Ecology and Epidemiology
Suppression of Pythium splendens in a Hawaiian Soil by Calcium and Microorganisms. C. W. Kao, Former graduate research assistant, Department of Plant Pathology, University of Hawaii, Beaumont Agricultural Research Center, Hilo 96720, Present address: Taiwan Agricultural Chemicals and Toxic Substances Research Institute, Wufeng, Taichung, Taiwan; W. H. Ko, professor, Department of Plant Pathology, University of Hawaii, Beaumont Agricultural Research Center, Hilo 96720. Phytopathology 76:215-220. Accepted for publication 4 September 1985. Copyright 1986 The American Phytopathological Society. DOI: 10.1094/Phyto-76-215.
Germination inhibition of sporangia of Pythium splendens in seven different soil types was associated with high Ca content and high total microbial population. Conducive soils which were low in Ca content and microbial population became suppressive to P. splendens after amendment with 0.6% Ca and mixture of microorganisms, or with Ca and 1% alfalfa meal to increase the population of indigenous microorganisms. Germination of sporangia of P. splendens on a suppressive soil from South Kohala, HI, increased with time of storage, and the increase of germination was associated with the decrease of total microbial population. Germination inhibition was restored to suppressive soil stored for 1 and 1.5 yr, by adjusting the moisture content of soils from -110 to -7 bars to increase the microbial population. Suppressiveness also was restored to soil stored for 3 yr by adding fungi, bacteria, actinomycetes, or their combination. Conducive soils which were high in Ca and low in microbial population were converted to suppressive soil by adding alfalfa meal to increase the microbial population. These results suggest that a combination of high Ca and high microbial population is the cause of suppression in the soil from South Kohala. The inhibition characteristics of the suppressive soil created by amending the conducive soil with Ca and alfalfa meal were similar to those of naturally suppressive soil from South Kohala. Naturally and induced suppressive soils were inhibitory or stimulatory to the same species of microorganisms and the inhibitory effect of both soils was associated with microbial activity. Inhibition of sporangial germination of P. splendens on both soils decreased when sporangia were separated from soil by a polycarbonate membrane. Neither volatile inhibitors nor nonvolatile inhibitors were detected in either soil. Both soils were fungistatic and their inhibitory effect was not transferable. Similarity of inhibition characteristics indicates that the artificially created suppressive soil operates by the same mechanism as the naturally suppressive soil, and supports the hypothesis that a combination of high Ca and high microbial population is responsible for the suppression of P. splendens in the suppressive soil from South Kohala.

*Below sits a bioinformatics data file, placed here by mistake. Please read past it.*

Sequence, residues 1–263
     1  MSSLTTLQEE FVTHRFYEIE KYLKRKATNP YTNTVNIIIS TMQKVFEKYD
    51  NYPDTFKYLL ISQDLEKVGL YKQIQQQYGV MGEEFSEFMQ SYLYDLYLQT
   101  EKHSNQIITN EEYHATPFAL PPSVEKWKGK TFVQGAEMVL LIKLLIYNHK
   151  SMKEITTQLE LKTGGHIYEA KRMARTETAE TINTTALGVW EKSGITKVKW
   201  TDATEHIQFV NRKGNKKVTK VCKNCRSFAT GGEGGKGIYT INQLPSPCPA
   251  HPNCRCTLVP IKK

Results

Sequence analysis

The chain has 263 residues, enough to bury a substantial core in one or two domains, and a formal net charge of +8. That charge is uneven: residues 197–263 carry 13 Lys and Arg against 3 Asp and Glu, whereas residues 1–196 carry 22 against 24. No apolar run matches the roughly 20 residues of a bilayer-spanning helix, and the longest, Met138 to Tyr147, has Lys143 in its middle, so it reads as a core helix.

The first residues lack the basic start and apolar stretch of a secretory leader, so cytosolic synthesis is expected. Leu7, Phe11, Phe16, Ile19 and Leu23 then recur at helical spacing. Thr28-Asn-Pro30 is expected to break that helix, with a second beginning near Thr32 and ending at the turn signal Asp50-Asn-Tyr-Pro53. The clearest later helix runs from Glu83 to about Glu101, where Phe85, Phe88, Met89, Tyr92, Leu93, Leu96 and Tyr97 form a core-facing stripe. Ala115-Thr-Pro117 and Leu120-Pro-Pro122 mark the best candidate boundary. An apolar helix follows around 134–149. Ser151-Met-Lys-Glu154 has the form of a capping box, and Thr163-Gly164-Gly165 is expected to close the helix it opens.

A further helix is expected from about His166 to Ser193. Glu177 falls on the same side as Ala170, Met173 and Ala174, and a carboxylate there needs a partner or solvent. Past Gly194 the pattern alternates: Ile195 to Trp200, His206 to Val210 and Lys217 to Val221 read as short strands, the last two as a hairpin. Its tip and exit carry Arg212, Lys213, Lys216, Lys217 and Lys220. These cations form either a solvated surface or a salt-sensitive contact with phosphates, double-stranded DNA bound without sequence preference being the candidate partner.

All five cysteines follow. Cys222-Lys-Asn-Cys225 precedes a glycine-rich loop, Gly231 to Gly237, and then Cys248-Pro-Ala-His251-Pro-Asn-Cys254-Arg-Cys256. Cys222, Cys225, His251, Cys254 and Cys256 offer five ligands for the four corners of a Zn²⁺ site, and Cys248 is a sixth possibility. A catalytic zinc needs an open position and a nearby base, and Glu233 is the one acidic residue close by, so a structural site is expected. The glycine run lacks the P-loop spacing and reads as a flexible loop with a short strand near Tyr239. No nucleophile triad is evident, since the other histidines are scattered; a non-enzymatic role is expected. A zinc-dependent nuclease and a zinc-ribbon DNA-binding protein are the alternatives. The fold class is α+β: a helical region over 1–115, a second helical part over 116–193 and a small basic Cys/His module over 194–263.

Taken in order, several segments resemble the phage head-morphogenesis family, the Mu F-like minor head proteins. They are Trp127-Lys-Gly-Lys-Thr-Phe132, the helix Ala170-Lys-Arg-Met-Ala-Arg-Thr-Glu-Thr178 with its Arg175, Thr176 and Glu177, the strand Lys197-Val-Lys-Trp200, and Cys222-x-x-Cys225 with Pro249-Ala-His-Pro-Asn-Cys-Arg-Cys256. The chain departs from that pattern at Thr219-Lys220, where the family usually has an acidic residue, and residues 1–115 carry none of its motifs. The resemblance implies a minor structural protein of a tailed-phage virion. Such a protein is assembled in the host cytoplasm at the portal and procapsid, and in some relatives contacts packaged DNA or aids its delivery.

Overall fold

Additional keywords: soilborne pathogen, suppression mechanism.